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BASKETBALL

A family strengthened through basketball

Kuemper’s girls basketball team reminded of how closely sports bond teams

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It was a challenging year that was made just a little harder before the first game even started.

In the summer of 2020, Kim Hilgenberg, the mother of senior-to-be Kyndal Hilgenberg, was diagnosed with stage 4 colorectal cancer. Because of the diagnosis, Kim wasn’t going to be able to make it to too many basketball games to see her daughter play. That was, if there was even going to be a season.

The unknowns of the COVID-19 virus had cast some doubt over what the basketball season would look like. The season would be played to completion for Iowa girls high school athletics. For the Hilgenbergs, and the rest of the Kuemper Catholic girls basketball team, it was a season where their bond only continued to be strengthened.

It started on the first home game of the year. Before that inaugural home game, unknown to Kyndal and Kim, the girls basketball team had a surprise in store.

First was the debut of a new warm-up sweater for the team. Instead of donning their usual red and gold gear, the team would wear a light blue sweater with the words, “Faith over fear. We wear blue for Kim.” The move caught Kyndal off guard.

When the team members emerged from their locker room, the very same blue sweaters were being worn by parents of teammates. Before the game, the team had handed out the sweaters to show support for the Hilgenbergs.

That first night in December, as the Knights were introduced for the opening lineup, they each brought a blue rose to Kim, who was sitting in the bleachers.

It wasn’t the last time this season that the Hilgenbergs, and the Kuemper Catholic girls basketball team, would be reminded of how strong of a family feel there is with sports in Iowa.

“That’s what this is about. You have to use sports as a vehicle to teach life lessons,” said head coach Tyler Tryon after a Feb. 13 game against Cherokee. “Sports keeps things in perspective.”

During a Jan. 9 game against East Sac County, the Hilgenbergs, and the rest of the Kuemper girls basketball team were reminded of how close the sports community is. Despite being opponents, the entire Raider team and most of the fans who showed up to watch the game were wearing some form of blue, to honor Kim.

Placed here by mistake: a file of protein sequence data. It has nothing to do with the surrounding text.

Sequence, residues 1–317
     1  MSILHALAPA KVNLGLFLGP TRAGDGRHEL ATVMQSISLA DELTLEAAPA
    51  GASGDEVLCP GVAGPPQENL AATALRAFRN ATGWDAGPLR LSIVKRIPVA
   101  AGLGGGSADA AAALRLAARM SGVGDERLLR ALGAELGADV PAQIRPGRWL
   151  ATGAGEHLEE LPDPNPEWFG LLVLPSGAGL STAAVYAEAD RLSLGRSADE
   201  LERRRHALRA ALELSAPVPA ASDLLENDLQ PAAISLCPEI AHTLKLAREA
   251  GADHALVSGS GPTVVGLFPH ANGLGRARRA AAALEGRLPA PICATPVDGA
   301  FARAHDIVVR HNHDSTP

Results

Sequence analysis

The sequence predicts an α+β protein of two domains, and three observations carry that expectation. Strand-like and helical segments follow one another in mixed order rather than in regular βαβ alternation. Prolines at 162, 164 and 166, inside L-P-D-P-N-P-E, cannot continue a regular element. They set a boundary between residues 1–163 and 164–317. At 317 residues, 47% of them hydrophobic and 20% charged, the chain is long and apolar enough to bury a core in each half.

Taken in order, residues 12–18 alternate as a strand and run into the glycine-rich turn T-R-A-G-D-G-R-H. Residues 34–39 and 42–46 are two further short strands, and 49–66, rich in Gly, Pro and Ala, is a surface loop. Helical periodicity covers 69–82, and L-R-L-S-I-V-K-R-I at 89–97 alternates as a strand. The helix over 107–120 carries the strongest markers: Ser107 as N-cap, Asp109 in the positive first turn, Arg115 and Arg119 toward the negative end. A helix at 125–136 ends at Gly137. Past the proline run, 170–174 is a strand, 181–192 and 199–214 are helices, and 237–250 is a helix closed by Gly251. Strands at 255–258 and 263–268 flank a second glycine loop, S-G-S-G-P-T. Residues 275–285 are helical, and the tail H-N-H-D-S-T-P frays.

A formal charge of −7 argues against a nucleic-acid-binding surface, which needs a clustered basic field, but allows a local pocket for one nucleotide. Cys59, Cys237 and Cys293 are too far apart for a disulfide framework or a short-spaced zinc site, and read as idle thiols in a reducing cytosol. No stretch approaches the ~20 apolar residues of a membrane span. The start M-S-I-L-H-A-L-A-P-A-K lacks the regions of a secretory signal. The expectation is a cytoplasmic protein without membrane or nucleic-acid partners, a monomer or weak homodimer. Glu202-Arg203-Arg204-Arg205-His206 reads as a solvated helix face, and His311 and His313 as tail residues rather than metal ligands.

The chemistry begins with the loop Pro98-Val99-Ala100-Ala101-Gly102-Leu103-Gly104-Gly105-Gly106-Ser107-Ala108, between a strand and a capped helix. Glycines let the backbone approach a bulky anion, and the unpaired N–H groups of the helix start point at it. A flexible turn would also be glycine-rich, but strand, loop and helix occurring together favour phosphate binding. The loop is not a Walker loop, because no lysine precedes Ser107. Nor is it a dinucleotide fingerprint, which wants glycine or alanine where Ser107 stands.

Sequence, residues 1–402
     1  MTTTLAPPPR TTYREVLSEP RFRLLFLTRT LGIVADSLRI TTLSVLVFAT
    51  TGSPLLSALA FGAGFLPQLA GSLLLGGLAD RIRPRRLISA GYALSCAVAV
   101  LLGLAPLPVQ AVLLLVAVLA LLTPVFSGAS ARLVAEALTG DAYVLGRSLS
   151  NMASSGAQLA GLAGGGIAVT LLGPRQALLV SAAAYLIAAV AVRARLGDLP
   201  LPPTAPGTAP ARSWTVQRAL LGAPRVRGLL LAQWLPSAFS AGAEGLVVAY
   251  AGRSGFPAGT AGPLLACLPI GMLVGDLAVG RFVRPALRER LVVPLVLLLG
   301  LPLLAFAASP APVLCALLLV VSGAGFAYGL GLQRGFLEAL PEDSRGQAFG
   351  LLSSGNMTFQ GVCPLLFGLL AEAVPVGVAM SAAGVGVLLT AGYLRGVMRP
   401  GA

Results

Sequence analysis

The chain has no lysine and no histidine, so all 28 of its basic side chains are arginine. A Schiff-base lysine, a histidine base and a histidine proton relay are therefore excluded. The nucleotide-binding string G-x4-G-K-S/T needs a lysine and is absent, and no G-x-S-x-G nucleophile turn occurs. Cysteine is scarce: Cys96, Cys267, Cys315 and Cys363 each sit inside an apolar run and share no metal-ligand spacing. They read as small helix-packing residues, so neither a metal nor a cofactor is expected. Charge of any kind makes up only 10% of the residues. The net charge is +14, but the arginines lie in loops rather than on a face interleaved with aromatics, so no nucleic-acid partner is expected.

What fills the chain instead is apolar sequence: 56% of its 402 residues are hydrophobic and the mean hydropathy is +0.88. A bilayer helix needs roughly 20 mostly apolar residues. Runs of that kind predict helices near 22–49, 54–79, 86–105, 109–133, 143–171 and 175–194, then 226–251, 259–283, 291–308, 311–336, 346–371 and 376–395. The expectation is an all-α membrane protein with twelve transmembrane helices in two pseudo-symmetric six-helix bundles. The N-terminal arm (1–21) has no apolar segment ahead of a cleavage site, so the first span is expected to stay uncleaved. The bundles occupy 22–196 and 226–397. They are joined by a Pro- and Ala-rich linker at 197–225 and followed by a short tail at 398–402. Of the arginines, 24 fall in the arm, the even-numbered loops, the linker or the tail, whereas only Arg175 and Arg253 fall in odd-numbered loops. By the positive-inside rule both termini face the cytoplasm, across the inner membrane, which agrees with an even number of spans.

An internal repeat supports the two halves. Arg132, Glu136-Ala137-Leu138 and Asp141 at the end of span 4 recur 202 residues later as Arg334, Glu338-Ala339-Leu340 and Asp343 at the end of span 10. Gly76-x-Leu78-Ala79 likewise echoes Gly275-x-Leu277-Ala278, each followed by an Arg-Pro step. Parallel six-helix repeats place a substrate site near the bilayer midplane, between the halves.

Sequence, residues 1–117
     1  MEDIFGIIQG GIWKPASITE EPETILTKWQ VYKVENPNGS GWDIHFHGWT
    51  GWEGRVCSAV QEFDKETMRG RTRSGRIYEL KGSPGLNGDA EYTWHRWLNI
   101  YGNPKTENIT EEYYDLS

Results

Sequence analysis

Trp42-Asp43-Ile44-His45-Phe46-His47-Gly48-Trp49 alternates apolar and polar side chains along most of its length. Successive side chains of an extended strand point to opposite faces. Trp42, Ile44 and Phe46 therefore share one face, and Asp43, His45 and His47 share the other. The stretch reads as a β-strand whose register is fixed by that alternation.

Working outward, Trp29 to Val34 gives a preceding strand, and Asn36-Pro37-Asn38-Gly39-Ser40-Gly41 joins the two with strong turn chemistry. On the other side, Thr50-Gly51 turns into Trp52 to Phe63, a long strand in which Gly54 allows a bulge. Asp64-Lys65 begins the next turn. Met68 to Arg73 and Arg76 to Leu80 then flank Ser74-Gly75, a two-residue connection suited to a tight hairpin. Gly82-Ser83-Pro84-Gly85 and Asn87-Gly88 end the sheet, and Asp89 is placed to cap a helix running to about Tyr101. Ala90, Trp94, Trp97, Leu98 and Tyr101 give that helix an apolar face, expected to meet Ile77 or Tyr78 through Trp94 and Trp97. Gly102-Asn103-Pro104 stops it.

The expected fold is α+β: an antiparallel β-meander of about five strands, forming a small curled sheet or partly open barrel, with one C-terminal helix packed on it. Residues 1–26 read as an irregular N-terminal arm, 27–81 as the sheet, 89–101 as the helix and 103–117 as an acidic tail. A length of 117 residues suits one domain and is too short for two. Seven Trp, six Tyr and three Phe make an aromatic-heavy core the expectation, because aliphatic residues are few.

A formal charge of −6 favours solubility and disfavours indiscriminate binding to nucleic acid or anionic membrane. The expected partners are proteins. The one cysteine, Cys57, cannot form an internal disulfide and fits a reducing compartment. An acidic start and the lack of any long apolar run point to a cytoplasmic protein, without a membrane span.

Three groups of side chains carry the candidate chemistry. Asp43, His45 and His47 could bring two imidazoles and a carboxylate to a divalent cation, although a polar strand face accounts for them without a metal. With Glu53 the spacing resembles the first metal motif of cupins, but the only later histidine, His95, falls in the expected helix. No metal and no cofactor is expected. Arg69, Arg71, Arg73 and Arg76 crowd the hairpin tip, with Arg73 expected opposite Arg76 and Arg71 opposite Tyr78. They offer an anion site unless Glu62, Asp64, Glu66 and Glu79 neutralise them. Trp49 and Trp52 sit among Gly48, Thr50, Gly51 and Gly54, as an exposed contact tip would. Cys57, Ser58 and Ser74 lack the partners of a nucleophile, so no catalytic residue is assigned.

Later in January, the public had a chance to show its support for the Hilgenbergs.

One of the most famous Kuemper Catholic alumni, Nick Nurse, the current head coach of the NBA’s Toronto Raptors, donated 100 sweaters to be given away during the game. By halftime of the girls game, only a handful of the sweaters remained. They had all disappeared before the boys game started that night.

The Kuemper student section usually wore some sort of blue throughout the season, but a Feb. 8 game had the entire student section show up in blue.

On Feb. 13, the Knights’ season came to a close as they fell against then-No. 1 ranked Cherokee in Cherokee.

Before the game, the Knights arrived to a surprise in their locker room. The Braves had left a card for Kyndal and her family in the locker room. On the court, every member of the Braves basketball team wore a light blue headband in honor of Kim.

“When you have other teams that continue to show up and offer those type of sentiments and gestures, it really shows how much good is really left in the world,” Tryon said. “It shows how much of a family sports in Iowa are too.”

The Knights may not have had the type of season they wanted, record wise, but what the team went through over the course of the year made them feel more together as a family.

“To see the girls at the beginning of the year to worry if we would even have a season and then to go through the season that we’ve had,” Tryon said. “You know, we went through the big ups and downs, and we’ve had some stuff that I wouldn’t want anyone else to go through.

“For our team to persevere through this type of season is a testament to the family and the team that we have. Good kids come from good families.”

Throughout the season, the Knights not only built a basketball team, but together they were able to build a family that will last long after the buzzer sounded on Feb. 13.

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